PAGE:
On their part, Sharif’s were extremely cautious. They would not initiate any move until all other parties had spelt out their position or declared their cards. For a successful vote, all the groups sitting on the opposition benches had to be one voice. Yet even after dislodging Gillani, they could not find the next Prime Minister. The President, thus, would have no option but to dissolve the National Assembly. Resultantly, all executive powers would shift to the Presidency until the next general election and that is quite undesirable for his opponents. The Prime Minister lately has clarified that he is not the actual target but has become the target only because he is protecting the President (or words to that effect). His bottom-line was that no harm can come to the President “as long as I am there”. If that is the case, the Prime Minister has definitely bought a new lease for the President by his telephonic ambush of no-confidence move against himself. The movers of no-confidence will take their time to gather confidence for playing the next round of the game.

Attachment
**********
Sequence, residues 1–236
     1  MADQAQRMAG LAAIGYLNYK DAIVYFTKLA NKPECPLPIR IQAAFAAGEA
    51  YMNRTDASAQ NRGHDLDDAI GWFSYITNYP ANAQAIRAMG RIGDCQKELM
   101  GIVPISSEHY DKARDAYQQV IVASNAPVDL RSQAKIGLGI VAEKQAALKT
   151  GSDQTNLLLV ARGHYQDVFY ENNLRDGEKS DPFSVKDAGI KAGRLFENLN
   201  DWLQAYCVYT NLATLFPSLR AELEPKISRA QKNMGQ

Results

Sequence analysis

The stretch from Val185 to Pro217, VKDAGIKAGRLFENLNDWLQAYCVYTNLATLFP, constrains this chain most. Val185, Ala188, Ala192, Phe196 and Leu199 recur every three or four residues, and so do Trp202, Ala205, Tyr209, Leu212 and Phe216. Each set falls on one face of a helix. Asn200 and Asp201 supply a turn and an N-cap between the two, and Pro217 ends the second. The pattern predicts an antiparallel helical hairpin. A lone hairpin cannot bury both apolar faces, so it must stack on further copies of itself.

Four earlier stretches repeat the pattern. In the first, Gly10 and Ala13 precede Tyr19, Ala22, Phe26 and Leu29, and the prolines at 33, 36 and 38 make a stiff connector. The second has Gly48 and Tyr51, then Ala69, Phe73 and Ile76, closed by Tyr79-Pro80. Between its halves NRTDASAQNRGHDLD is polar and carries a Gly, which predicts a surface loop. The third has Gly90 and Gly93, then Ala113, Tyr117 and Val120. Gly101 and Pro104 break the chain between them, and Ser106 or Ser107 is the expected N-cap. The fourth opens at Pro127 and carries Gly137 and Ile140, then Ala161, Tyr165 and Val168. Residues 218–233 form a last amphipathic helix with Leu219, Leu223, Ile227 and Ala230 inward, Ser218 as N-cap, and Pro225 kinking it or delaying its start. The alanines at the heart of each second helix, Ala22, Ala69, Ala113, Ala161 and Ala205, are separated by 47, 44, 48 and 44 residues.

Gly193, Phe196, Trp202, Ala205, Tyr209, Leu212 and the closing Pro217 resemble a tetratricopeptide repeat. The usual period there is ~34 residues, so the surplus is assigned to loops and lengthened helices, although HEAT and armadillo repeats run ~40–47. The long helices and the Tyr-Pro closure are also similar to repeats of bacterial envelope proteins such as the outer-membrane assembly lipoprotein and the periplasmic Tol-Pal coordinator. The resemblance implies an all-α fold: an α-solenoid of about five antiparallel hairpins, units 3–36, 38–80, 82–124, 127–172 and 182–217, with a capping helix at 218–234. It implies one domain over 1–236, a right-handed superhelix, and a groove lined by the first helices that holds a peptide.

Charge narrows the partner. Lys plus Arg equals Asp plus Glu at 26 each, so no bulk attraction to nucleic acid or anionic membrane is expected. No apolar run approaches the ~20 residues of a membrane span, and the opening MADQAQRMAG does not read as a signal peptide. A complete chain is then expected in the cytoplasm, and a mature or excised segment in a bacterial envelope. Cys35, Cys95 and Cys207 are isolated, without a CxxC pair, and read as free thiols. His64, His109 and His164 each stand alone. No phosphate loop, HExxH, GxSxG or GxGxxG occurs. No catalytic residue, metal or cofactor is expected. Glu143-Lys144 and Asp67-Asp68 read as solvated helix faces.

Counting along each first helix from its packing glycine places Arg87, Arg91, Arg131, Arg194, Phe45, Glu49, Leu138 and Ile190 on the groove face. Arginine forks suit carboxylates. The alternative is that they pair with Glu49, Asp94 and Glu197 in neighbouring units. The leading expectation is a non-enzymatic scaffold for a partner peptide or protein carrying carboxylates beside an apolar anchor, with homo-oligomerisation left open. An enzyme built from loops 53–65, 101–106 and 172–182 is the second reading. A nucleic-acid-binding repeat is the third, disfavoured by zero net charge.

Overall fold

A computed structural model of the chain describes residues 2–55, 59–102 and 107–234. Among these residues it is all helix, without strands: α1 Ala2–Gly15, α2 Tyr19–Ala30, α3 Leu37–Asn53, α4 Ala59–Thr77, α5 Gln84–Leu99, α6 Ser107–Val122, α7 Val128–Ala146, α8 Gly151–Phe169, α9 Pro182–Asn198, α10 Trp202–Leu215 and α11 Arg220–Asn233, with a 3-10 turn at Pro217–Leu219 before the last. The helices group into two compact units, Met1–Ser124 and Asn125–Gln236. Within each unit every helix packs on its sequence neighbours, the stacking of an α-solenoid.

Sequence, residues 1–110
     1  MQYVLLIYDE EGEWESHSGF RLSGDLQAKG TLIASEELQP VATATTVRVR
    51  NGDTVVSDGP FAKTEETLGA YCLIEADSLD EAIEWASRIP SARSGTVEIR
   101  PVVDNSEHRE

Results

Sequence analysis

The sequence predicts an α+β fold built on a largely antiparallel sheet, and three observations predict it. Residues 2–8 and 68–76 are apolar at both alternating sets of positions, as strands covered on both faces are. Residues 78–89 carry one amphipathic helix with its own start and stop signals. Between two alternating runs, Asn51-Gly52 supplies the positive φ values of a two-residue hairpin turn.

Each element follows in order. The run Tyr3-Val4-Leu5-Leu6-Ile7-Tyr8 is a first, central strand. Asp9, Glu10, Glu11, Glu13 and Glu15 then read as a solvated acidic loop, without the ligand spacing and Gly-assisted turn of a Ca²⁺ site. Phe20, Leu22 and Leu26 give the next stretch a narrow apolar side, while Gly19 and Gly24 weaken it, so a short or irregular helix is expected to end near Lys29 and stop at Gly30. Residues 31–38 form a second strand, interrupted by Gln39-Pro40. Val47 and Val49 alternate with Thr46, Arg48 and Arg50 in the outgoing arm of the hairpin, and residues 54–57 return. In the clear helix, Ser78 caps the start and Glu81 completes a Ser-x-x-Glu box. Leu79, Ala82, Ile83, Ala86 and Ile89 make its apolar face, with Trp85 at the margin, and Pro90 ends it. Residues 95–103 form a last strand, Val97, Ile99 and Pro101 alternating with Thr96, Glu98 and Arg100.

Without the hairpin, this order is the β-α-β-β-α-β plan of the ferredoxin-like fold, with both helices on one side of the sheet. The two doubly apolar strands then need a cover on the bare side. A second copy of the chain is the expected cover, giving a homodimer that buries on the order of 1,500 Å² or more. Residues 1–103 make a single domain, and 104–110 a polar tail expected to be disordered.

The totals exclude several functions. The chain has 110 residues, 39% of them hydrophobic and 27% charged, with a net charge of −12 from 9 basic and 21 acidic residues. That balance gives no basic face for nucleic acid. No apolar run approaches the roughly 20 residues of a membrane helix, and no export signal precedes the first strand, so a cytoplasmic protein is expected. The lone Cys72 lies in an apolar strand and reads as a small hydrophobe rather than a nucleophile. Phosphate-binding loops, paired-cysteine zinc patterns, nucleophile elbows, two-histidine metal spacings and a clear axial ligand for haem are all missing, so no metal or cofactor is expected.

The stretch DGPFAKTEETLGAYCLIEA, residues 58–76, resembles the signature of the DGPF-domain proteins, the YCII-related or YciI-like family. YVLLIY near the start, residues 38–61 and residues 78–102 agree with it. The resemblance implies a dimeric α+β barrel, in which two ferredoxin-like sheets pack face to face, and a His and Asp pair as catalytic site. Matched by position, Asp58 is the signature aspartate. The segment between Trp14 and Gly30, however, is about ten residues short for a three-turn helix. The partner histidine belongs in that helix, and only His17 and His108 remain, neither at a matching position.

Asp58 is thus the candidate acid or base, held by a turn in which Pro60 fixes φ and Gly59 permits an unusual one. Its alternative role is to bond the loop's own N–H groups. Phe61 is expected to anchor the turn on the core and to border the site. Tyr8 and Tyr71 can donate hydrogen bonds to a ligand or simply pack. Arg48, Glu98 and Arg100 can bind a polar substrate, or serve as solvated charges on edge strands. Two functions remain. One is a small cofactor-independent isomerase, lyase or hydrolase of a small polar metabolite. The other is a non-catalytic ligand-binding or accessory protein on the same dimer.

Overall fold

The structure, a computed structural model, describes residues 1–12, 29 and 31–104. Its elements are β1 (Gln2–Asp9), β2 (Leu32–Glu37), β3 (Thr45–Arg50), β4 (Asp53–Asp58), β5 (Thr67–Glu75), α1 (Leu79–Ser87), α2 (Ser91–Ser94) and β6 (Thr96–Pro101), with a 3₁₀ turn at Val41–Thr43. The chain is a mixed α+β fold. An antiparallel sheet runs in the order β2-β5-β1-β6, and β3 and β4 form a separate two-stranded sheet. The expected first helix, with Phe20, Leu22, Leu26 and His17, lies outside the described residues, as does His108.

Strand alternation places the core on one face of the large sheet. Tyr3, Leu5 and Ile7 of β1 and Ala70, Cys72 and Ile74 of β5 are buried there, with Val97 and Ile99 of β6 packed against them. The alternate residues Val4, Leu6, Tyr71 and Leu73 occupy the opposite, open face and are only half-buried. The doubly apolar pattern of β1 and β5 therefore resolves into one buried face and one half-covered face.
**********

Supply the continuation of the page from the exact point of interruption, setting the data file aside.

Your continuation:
The decision of Altaf Hussain to keep his two men out of the Cabinet Room indicates he is back to the treasury temporarily and would be available for the next round of the game as and when it starts.
When a supporter of the Prime Minister crosses the floor, the Constitution considers it an expression of no-confidence in the Prime Minister. In 1973, the Prime Minister just could not do anything about such a deserter. However a new Article 63A was inserted to check such defection. Now a defector is penalized within days but the 25 MNAs of MQM are somehow immune to any such penalty. How can their loyalty now be trusted by the Constitution although the Prime Minister may be worried least about it. The fact is that with their defection from the Coalition, the Prime Minister lost the confidence of the majority of total membership of the National Assembly.
Taking full advantage of their separate political identity they pulled the carpet from under the feet of the Prime Minister but when he didn’t fall, they came back to the same carpet to stand by the same person.
The Constitution expects the President to keep a close watch of the confidence the Prime Minister enjoys in the National Assembly and in case of doubt he shall ask the Prime Minister to obtain a vote of confidence. That did not happen and the ball was apparently thrown to the other side to move a resolution of no-confidence.
It would be most appropriate for the President to ask the Prime minister to obtain a vote of confidence now so that the nation knows where things stand on the floor of the National Assembly. If the MQM is factually and honestly rejoined the ruling side, it ought to vote for the Prime Minister. That Party can’t be allowed to make a new decision on every new bill before the Parliament.